The ascent from the saddle between Nephin Beg and Corslieve to Corslieve is steep; don't forget the Lucozade! Thereafter the gradient up to the summit cairn and trig pillar is kind.
When coming off the mountain, the spur north of the corrie lake marked 389m on the OSI map offers an easy and scenic descent. The photo shows that you can actually see four lakes (some corries) all at once; Nephin Beg is the mountain in the background. This spur also conveniently lines you up for the forest road at F936124 E E, and is visible from the top of the ridge on a clear day. There is a little clearing which will lead you to the road; although beware of deep forest drains covered in long grass. Turn right and after 1.7km, this track drops you onto the Western Way. Turn right, signed Nephin Beg. A further 8.5km will return you to the start. We brought trainers to change into when we got to the track which made for a hastier and more comfortable egress; we all know unpleasant it can be to walk with hiking boots on hard surfaces, especially having already walked 16.7km!
A viable option, for those looking for a dual-mode adventure, would be to cycle from the bothy to F936124 E E, and knock 10.2 x 2 = 20.4km off the full walk (which is 27.4km out and back along the Western Way), leaving just 3.5 x 2 = 7km on foot. Would that be cheating? The track is only suitable for mountain bikes in my opinion, I wouldn't recommend hybrids. Trackback: https://mountainviews.ie/summit/94/comment/6446/
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mikek on Slieve Carr, 2004
by mikek  21 Aug 2004
Climbed Slieve Carr in Aug 2003, as part of an attempted two day hike from Bangor to Mullranney. After a tough 6.5 hour hike along the trail from Bangor I camped to the S of Tawnyanruddia near a galvanized 'crinkly tin' bothy erected as a shelter on the Bangor Trail Ref:905113 I (I would have saved the extra weight of a tent had I known). Trail was very wet and difficult under foot after a prolonged wet spell. Site was absolutly magnificant with the vast expanse of the Owenduff valley streching out to the SW; not a person or house in sight. I soon realised that my ambition was slightly beyond my fitness levels at the time, and so an alternative plan was hatched. The following morning I climbed Slieve Carr from the tent. The ground was dry and firm and I was blessed with clear weather on the summit, which possesses a substantial cairn built by some very early members of the Celtic hillwalking fraternity (slightly tougher than the current breed). It also has some unrivalled views of the vast area of forest/bogland to the east; which also contains a large windfarm and turf burning station at Bellacorick. The revised plans did not allow time for a visit to Nephin Beg, which combined with Slieve Carr would make a great day out. The map indicates a track out through the Owenduff valley to Srahduggaun Ref:866072 J, which was to be my new destination. Track of sorts would be a better description as it was only slightly less wet than the adjacent bog, and one which should be avoided only after a prolonged dry spell. It should also be noted that there are two rivers to cross which could prove difficult in certain conditions. Slieve Carr is a remote mountain which is well worth the effort to get to if you enjoy the feeling of space. Trackback: https://mountainviews.ie/summit/94/comment/1099/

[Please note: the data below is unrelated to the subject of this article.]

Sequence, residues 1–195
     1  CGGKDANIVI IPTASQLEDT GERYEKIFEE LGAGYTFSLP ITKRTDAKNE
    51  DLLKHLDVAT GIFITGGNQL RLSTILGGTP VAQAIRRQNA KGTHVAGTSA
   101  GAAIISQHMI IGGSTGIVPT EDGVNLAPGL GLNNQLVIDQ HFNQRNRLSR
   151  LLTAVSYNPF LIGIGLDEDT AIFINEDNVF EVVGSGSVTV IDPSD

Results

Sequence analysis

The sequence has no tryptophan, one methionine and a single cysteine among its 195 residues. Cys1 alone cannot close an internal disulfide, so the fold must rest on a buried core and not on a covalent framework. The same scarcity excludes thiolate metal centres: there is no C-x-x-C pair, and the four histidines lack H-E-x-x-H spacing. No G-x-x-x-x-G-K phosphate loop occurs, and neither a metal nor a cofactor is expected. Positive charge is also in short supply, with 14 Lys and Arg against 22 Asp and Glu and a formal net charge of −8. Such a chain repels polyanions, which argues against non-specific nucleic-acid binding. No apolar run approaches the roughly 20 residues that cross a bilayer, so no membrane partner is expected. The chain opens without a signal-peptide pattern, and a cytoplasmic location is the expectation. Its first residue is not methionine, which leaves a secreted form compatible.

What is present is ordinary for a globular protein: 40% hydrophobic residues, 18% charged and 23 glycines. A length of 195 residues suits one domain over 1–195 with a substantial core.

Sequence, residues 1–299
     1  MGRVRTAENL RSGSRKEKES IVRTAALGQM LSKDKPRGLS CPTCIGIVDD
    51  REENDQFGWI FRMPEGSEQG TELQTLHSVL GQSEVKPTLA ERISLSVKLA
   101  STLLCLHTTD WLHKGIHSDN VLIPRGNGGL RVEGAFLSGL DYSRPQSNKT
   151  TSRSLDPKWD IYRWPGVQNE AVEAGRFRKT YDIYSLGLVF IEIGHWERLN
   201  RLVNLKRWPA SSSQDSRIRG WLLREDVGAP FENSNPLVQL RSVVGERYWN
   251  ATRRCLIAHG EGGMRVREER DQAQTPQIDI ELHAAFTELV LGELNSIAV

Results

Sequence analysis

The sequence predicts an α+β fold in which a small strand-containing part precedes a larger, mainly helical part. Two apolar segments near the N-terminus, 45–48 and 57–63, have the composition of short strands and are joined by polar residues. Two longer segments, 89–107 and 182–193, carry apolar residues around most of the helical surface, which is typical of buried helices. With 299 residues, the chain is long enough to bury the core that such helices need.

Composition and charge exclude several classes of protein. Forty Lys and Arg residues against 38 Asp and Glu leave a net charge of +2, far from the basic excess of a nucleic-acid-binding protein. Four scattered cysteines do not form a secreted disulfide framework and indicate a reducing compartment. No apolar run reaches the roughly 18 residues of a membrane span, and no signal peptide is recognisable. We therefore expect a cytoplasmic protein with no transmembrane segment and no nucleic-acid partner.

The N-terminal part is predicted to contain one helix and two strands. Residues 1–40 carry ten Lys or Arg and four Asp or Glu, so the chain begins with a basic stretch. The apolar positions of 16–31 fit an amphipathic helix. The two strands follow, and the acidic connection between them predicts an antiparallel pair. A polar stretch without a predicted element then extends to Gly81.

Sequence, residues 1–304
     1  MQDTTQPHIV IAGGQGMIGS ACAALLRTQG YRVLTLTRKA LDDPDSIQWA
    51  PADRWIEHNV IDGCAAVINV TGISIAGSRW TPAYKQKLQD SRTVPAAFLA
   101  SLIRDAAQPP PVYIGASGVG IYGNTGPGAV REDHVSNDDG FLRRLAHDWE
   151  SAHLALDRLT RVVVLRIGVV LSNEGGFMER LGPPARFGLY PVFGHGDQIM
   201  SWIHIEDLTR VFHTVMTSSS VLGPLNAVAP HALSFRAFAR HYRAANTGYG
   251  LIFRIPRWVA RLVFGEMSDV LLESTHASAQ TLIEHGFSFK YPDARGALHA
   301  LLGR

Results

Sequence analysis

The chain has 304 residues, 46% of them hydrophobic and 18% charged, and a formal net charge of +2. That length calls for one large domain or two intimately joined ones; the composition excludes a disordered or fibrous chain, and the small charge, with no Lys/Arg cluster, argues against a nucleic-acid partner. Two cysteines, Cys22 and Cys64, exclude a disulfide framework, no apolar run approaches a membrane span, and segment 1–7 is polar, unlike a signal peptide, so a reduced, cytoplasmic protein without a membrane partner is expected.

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three5four0 on Slieve Carr, 2009
by three5four0  16 Apr 2009
We climbed Slieve Carr last Sunday (Easter 2009), via Nephin Beg S Top, Nephin Beg & Corslieve and back via The Bangor Trail to the carpark before Srahmore Lodge. What a day!, sunny & clear, a bit breeze on the tops perhaps, but the views towards Achill were fantastic.

Is this the most remote hill on the Mountain Views website?, or are there other candidates lurking elsewhere ?, I made it 14 km back from the summit to our car along the Bangor Trail. Which, lets face it, is only marginally less soft than the surrounding bog, so its not exactly a quicker way back. So, is Slieve Carr Irelands' Carn an Fhidhleir or even it's Seana Bhraigh, discuss ! Trackback: https://mountainviews.ie/summit/94/comment/3721/